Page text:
REaChing for the stars
Empowering English Language Learners
Classes have finished for the year and that means that all the final units and projects are complete! In the Advanced English II class, it also means we say good-bye and congratulations to the graduating students. In the Comics class, to graduating students made their own comic, a culminating activity after a year of reading, narrating and analyzing the comics of others. In this final challenge, as a follow-up to reading the fantastic graphic novel, American Born Chinese, by Gene Luen Yang, students are asked to think about their favorite Japanese folk tales and examine them for the lesson, or moral, of the story. They then choose one such folktale to update in comic form.
This year, students chose the story of Warashibe Choja, "The Straw Millionaire." In this story, a poor peasant who is a devote worshiper of the god Kanon finds great fortune through simple acts of kindness. Everyday, he goes to the temple and prays to Kanon with a meager wish for shelter and work the following day. Impressed by his modest wishes, Kanon tells the man that the next day, the first thing he touches will bring him great fortune. The next thing he touches is a piece of straw. What follows is a series of generous trades, in which the man gives of his gifts and receives something even more valuable in return, until eventually he is married to a beautiful wife and has a farm of his own. I love the story. It has been compared to the One Red Paperclip project, but the stories are actually quite different. In the One Red Paperclip reality, a man traded one red paper clip for various other objects of ever increasing value and had adventures in the process, making Japanese television news, a blog, and a book. But, the goal was to trade up and to have this adventure. However, Warashibe Choja was just a man with humble wishes and a generous heart, who was willing to give up the things he had to help others.
Now, my students shifted the focus a bit, their title revealing that in their story "fortune comes to an honest person." They tried to keep the trade aspect, with strict limits on story length. Over about 8 hours of class time, students first brainstormed their story outline and page plots, then I transcribed the script as they dictated to me, telling me when the text would be in a caption, thought bubble or speech balloon, and generally what would be in each panel. Next, one student focused on fine tuning the script with me while the other, chiming in when needed, worked on sketching out the design. They both worked on the final touches, adding text in pencil and then going over all their work with black markers and color. The results can be seen below. A great accomplishment for a first comic!
In my second year classes, we finished the year off with a unit entitled "International Agent Training." In this unit, students learn the names, geography, nationalities, languages, capital cities and landmarks of various countries around the world through partner activities and information gaps. At the beginning of each class, students go through customs to a new country, where they fill out a visa form in their passports outlining country facts and then practice greetings in that country's most common language. We also review the present perfect vs. simple past when talking about experiences. The final assessment is a peer "job" interview where classmates interview and score one another on their ability to be international agents. First, students must write out a "resume" of their experiences in training. They are encouraged to think about the countries we visited, the languages we'd learned and spoken, but also to be creative, to imagine what sort of difficult and exciting experience real agents have had. Then, after a few practice runs, they start their interviews. I love to listen to these as students are asked "What's your international experience?" and respond with "I have spied on the Pentagon" or "I have swum the Pacific Ocean." I think probably the aspect they like most is playing the senior agent doing the interview. They get very into their roles as interviewers. One student this year, unimpressed by the lack of adventurous experience of his interviewee, said he did not recommend him for an international agent position because "playing tennis" was not good experience. Of course, I check all of their scores after the fact via recorded replays to make sure they scored fairly.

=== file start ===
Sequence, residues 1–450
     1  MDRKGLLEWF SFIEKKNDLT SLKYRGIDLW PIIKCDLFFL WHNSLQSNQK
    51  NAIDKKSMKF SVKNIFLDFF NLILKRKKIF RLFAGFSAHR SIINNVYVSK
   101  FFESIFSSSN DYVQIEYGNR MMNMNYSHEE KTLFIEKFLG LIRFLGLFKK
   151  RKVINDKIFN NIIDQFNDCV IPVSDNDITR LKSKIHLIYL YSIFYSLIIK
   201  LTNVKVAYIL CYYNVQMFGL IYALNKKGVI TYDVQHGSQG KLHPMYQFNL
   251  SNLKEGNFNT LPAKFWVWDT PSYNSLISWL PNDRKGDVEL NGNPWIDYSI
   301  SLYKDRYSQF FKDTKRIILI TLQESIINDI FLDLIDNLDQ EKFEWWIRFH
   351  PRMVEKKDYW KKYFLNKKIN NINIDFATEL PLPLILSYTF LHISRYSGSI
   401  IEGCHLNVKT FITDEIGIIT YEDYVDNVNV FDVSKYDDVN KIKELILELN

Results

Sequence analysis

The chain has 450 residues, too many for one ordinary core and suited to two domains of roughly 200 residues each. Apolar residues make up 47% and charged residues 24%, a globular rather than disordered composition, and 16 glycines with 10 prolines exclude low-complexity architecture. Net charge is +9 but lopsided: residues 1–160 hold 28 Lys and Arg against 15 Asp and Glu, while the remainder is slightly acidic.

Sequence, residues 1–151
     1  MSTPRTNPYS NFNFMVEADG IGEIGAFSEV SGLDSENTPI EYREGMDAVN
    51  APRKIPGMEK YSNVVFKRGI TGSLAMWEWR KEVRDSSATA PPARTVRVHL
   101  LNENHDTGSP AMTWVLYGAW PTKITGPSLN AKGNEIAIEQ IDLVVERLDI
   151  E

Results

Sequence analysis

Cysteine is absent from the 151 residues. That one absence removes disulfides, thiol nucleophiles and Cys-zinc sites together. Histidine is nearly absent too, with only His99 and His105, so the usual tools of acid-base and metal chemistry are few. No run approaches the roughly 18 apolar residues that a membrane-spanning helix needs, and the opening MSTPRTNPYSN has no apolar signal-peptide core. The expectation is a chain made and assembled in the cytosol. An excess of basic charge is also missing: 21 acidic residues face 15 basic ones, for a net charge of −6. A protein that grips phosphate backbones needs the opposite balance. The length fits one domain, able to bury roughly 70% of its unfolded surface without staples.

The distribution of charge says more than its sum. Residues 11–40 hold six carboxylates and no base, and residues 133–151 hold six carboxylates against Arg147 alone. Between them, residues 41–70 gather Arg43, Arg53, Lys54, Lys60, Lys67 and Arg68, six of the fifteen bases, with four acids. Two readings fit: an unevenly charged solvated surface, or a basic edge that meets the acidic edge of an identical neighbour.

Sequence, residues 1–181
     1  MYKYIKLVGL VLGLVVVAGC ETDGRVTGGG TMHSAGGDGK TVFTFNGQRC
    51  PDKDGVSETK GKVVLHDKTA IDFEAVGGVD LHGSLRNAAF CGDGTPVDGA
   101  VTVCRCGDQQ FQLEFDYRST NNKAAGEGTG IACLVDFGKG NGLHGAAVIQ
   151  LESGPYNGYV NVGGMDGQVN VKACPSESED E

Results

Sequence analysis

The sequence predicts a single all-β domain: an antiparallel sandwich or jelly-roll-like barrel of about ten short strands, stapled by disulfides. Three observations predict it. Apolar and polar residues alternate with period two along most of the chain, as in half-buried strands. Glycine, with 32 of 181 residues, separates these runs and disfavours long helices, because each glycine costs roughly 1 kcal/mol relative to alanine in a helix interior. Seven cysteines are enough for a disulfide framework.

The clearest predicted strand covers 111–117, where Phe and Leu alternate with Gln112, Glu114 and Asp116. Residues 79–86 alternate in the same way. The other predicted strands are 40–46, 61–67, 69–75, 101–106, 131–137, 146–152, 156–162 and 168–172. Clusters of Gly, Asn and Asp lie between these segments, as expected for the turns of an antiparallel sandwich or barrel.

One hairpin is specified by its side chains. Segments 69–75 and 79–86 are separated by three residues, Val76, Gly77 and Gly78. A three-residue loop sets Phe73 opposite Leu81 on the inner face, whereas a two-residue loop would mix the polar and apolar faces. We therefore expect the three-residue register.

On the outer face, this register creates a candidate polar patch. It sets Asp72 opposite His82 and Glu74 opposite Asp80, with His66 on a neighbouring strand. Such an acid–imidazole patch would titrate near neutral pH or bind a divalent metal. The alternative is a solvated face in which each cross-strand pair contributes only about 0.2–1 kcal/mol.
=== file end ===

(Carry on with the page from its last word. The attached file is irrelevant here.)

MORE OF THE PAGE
As part of this unit, I had been searching for a good book to do a choral read aloud to review the grammar point of present perfect. Last year, I had found a children's book titled, "Have you ever...?" that was set to rhyme but, I couldn't find again this year. I decided to make my own read aloud story in PowerPoint. I thought it would also be fun for students to see some of my travel pictures and hear about my experiences. Travel is a passion of mine, and it's a good to share this. Maybe I'll inspire some of my students to travel too. Below is the PowerPoint I put together.